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Addressing Global Challenges in a New Way

Panel at the Global Challenges Forum - Image Credit: Eric Bridiers, US Mission Geneva

Panel at the Global Challenges Forum – Image Credit: Eric Bridiers, US Mission Geneva

Last week I attended the latest installment of the Global Challenges Forum, held in Geneva and co-chaired by the U.S. Naval Postgraduate School (NPS) and the Talal Abu-Ghazaleh Organization.  Here is what NPS says about this effort:

The Global Challenges Forum will bring together representatives from governmental and non-governmental partners to explore joint policy research and educational partnerships at the nexus of globalization and security. Globalization has brought new challenges that appear to be beyond the ability of current institutions to address. In response, there is a need to generate new educational opportunities on a global basis. The Forum will allow the exploration of more partnership-oriented solutions to contemporary threats and risks, and aims to move dialogue and discussion forward into tangible programs of learning and actionable policy.

The specifics of the presentations and discussions were off the record, but I can report that an impressive group of people were assigned to take on a wide variety of challenges that face international organizations, governments, universities, NGOs and corporations.  In addition to analyzing the substance of the overarching global issues of the day,the Forum also engaged in the hard work of wrestling with how it can make a  real difference by developing multidisciplinary analyses that offer actionable options to key policymakers at the highest levels.  The process offers as many challenges as the substance of the issues. How to set the agenda and decide what issues to address?  How to make the analyses cross-cutting without being watered down?  How to ensure that they can get directly to policymakers  without the power of the message being filtered out by national and international political concerns?  These questions, among others,were discussed in a systematic and productive manner, which is no mean feat.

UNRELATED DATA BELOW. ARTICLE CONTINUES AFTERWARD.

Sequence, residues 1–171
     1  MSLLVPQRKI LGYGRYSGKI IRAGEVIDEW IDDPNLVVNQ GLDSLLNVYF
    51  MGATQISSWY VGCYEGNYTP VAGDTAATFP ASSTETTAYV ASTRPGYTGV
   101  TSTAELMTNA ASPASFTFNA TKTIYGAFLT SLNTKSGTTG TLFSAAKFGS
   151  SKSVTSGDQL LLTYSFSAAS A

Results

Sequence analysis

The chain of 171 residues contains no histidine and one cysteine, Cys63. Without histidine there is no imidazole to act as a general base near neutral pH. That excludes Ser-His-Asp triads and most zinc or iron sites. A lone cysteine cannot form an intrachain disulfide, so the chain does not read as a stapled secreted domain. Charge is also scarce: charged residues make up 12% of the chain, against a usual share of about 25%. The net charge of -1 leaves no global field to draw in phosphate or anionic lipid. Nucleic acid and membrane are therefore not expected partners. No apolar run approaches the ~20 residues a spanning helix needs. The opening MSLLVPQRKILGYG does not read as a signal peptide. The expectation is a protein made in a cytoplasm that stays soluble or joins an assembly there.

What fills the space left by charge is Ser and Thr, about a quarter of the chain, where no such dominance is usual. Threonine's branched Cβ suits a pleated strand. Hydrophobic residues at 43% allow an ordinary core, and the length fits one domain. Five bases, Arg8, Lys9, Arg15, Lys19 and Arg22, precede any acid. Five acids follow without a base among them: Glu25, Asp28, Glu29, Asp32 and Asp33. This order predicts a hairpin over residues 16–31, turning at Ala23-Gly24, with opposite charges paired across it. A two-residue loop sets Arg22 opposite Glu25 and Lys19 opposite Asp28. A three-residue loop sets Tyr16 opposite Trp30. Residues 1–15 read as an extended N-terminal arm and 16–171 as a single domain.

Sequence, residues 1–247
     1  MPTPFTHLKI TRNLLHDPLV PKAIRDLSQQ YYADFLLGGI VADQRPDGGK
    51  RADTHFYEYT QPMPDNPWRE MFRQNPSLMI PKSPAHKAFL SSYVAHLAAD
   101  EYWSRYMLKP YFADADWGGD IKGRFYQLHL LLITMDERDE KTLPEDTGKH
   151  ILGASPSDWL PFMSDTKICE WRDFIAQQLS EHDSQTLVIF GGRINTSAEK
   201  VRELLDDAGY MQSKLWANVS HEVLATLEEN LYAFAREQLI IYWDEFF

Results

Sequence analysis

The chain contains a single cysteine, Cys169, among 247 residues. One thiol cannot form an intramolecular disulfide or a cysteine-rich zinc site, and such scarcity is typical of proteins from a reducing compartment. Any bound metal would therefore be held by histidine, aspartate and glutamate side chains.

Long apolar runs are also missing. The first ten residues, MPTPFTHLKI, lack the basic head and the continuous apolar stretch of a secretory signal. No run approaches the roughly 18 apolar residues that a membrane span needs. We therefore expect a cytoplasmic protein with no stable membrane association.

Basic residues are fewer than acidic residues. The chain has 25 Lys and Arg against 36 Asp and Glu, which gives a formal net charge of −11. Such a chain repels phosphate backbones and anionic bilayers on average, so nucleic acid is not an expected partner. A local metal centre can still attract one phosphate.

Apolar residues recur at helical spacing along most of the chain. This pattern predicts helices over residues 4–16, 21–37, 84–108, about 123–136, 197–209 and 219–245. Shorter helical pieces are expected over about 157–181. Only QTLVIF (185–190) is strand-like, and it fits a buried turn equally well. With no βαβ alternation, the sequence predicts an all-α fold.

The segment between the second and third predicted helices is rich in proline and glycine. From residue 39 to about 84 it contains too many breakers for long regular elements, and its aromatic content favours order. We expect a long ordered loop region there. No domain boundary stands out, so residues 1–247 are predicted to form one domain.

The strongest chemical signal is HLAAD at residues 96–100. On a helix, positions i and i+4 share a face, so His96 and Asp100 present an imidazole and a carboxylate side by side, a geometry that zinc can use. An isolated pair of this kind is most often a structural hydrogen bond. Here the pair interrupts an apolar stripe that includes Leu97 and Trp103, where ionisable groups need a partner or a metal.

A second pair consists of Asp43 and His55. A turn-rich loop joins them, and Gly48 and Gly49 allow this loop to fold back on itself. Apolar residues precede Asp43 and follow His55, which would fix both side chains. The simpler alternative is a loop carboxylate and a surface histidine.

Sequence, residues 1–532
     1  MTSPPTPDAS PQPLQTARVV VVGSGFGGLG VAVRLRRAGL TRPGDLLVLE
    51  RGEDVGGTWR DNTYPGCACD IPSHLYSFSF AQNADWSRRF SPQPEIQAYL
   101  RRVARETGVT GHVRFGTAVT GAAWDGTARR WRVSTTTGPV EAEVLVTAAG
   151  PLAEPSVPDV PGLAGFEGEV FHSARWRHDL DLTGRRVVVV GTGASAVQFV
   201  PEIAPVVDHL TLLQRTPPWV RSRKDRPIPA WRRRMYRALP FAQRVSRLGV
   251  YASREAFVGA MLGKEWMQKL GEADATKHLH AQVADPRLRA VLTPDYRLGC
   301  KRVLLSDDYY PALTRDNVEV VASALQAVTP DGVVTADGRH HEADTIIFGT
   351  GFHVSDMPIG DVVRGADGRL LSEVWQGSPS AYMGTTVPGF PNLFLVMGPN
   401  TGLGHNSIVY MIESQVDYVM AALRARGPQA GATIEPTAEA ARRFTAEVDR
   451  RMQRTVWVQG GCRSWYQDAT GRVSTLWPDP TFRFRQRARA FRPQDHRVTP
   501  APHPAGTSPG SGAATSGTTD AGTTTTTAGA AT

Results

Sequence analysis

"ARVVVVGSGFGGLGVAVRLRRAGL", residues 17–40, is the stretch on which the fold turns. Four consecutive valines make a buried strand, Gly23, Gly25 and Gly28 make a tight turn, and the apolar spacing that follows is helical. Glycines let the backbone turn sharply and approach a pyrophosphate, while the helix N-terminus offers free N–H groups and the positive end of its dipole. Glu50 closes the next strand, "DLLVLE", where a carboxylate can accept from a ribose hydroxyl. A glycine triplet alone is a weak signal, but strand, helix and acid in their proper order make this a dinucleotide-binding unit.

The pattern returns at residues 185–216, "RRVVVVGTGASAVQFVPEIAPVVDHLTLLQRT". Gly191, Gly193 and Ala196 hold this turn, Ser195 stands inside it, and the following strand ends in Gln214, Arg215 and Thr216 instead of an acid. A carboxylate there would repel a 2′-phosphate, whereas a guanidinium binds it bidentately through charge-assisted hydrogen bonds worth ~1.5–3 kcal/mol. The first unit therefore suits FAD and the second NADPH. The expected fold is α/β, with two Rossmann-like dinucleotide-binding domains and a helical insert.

Some immediate substantive  issues were front and center at the meeting, such as the global economic crisis. Other more conceptual matters underpinned the entire meeting (ie, that the international system is still pitching and yawing in the wake of the end of the Cold War).  But this is a group that has the real potential to be able to work across borders, disciplines and types of institutions.  Clearly, this is not the only effort of this sort underway, but it is one that is diverse enough to be representative but small enough to actually produce objective and actionable analyses.  In addition, the communication among Forum members has a value in and of itself and I am certain that additional partnerships will be formed and research projects implemented.  Stay tuned for more from this promising effort.



James Ketterer

James Ketterer is Dean of International Studies at Bard College and Director of the Bard Globalization and International Affairs program. He previously served as Egypt Country Director for AMIDEAST, based in Cairo and before that as Vice Chancellor for Policy & Planning and Deputy Provost at the State University of New York (SUNY). In 2007-2008 he served on the staff of the Governor’s Commission on Higher Education. He previously served as Director of the SUNY Center for International Development.

Ketterer has extensive experience in technical assistance for democratization projects, international education, legislative development, elections, and policy analysis – with a focus on Africa and the Middle East. He has won and overseen projects funded by USAID, the Department for International Development (UK), the World Bank and the US State Department. He served on the National Security Council staff at the White House, as a policy analyst at the New York State Senate, a project officer with the Center for Legislative Development at the University at Albany, and as an international election specialist for the United Nations, the African-American Institute, and the Organization for Security and Cooperation in Europe. He is currently a Fellow at the Foreign Policy Association and has also held teaching positions in international politics at the New School for Social Research, Bard College, State University of New York at New Paltz, the University at Albany, Russell Sage College, and the College of Saint Rose.

Ketterer has lectured and written extensively on various issues for publications including the Washington Post, Middle East Report, the Washington Times, the Albany Times Union, and the Journal of Legislative Studies. He was a Boren National Security Educational Program Fellow at Johns Hopkins University and in Morocco, an International Graduate Rotary Scholar at the Bourguiba School of Languages in Tunisia, and studied Arabic at the King Fahd Advanced School of Translation in Morocco. He received his education at Johns Hopkins University, New York University and Fordham University.

Areas of focus: Public Diplomacy; Middle East; Africa; US Foreign Policy

Contributor to: Global Engagement